There are tons of joints used even today where people try to avoid using metal fasteners and such. Mortise and Tenon joint is one of the more common ones that is used in today’s furniture as well. It is much easier to carve out using hand tools like chisels. While you can also machine carve this joint as well.

Then we have dovetails which are a bit more difficult to make by hand. It is a more advanced form of woodworking that requires precision. You can also make dovetails using machines which makes the job much easier. French Dovetail and English Dovetail are two types of Dovetails that expert woodcarvers use all the time. Dovetails are great for making drawers, boxes, shelves, and such.

And traditional Japanese artisans have been making shrines and temples using joints that don’t require nails for centuries. They still repair their sacred places using the same techniques so they do not use nails or any other fastener. Though their joints are very complex and require years of practice to perfect.


  • Does not require any fasteners of any type to join wood.
  • Also gives an aesthetically pleasing look in many joints when joining different colored woods.
  • Can be made by hands or tools.


  • Requires advanced technique for some joints.

Using the Above Methods With Glue

In most cases, people use glue with the above methods to achieve a better and stronger bond between the pieces of wood they are trying to join. Although it is not always the case like for instance when using screws and traditional Japanese joinery you don’t need to use glue for maximum efficiency. Since both screws and those joints can be separated for maintenance purposes in the future.

But if you are planning on making a joint permanent, then use glue so that they don’t separate as easily under stress. So it is a good choice to work with glue when joining wood while using any of the above methods. This way you can make sure whatever you are working on is safe and won’t come apart under a little duress or weight.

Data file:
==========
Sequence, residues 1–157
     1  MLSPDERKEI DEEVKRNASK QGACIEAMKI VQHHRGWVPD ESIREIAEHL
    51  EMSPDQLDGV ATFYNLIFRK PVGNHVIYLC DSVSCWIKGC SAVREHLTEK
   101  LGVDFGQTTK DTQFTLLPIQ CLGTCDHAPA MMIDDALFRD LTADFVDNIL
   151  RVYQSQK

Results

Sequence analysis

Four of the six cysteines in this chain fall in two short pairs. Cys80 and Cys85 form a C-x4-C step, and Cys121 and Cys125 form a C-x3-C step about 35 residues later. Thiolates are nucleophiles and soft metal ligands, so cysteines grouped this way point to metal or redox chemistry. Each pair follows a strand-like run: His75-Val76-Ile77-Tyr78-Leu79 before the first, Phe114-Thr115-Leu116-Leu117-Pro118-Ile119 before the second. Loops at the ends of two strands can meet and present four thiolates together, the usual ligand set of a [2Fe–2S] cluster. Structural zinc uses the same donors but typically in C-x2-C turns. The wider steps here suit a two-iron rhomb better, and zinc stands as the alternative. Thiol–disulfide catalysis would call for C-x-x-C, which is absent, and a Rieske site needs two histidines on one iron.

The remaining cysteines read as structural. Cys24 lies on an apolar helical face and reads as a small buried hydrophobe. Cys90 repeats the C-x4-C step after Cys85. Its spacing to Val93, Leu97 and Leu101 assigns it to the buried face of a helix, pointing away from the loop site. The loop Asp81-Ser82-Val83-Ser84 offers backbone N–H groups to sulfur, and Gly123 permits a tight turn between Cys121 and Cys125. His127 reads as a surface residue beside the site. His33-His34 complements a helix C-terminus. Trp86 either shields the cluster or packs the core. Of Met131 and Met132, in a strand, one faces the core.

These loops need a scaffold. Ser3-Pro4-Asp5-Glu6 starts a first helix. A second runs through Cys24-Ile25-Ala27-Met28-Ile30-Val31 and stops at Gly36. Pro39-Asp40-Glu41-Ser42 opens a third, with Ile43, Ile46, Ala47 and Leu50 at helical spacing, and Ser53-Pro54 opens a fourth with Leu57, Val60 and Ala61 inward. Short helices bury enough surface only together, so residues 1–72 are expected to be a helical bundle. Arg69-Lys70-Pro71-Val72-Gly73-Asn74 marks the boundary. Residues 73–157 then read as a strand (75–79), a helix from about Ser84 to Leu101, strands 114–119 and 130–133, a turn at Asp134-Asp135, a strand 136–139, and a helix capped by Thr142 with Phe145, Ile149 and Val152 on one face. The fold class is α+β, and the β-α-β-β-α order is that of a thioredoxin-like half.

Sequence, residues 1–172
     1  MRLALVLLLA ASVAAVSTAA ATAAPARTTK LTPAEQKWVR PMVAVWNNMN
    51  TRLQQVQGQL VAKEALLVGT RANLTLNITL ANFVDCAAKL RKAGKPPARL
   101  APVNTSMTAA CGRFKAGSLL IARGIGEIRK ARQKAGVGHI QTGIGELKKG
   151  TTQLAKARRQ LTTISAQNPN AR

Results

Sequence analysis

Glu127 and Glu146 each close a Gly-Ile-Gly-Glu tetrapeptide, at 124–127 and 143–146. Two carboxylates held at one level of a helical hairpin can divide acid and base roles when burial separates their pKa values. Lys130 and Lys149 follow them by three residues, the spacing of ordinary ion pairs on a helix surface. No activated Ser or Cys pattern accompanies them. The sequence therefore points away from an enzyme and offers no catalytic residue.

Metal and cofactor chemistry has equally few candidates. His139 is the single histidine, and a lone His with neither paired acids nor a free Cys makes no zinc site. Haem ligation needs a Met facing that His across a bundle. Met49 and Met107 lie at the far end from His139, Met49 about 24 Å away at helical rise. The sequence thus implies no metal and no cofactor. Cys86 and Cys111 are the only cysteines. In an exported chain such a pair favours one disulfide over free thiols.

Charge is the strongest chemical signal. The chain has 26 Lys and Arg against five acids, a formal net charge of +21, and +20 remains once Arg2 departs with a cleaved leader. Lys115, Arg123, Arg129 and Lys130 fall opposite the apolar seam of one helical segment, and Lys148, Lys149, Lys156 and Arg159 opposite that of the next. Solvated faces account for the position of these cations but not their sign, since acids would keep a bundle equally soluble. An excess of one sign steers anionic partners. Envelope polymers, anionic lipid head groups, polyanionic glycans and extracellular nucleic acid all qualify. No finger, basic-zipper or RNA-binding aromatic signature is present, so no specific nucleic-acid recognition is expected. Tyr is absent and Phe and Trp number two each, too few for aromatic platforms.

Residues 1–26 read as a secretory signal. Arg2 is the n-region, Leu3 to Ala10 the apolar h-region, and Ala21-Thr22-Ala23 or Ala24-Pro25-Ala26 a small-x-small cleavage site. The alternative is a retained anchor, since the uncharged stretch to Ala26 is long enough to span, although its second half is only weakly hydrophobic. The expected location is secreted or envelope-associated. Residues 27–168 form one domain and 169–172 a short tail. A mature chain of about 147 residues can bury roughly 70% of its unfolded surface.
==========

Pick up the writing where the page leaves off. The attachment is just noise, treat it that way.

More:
Driving in Wedges in Joints to Strengthen Them

When making joints like Mortise and Tenon you can drive in wedges to tighten it so it does not come out. This way you do not need to drive nails into it or use glue to fortify the joint. Many people use this technique to ensure that the wood does not come undone.

But even this technique comes with its fair share of risks. If you drive in a wedge too deep into a piece of wood, chances are it might split all the way. This would waste all the work you have done to make the joint. This is why glue and nails are a way more viable option if you want to fasten a joint more firmly.

Frequently Asked Questions

Do you need to drill a pilot hole for driving in screws?

While it is not necessary, it makes the job of putting in screws much easier. It cuts off the need to use unnecessary physical strength. Also, it avoids causing duress to the wood so it does not split.

Is there a risk of splitting wood when hammering nails?

There is always a risk of splitting wood when you push something into it, whether it is wedges or nails.

Can you make joints using hand tools only?

Yes, it is possible to make the most complex joints using hand tools only. But using power tools just makes the job much easier and reduces the time it takes to create them.

Can you use glue with all the methods above?

Yes, you can use all the above methods along with glue to ensure that the bond is much stronger between the two pieces of wood.

Final Thoughts

So far we have established that it is possible to avoid using glue altogether if you want to join two pieces of wood. But we can all agree to the fact that glue just makes the job much easier. In some cases, if you don’t use glue, for instance like with nails or dowels, you might end up breaking the pieces of wood apart. So it is much better to use glue where you can unless it is not an option at all.

Martin Swizz

Hi! This is Martin, I like to research, experiment, and learn new things related to wood carving and other kinds of woodworking.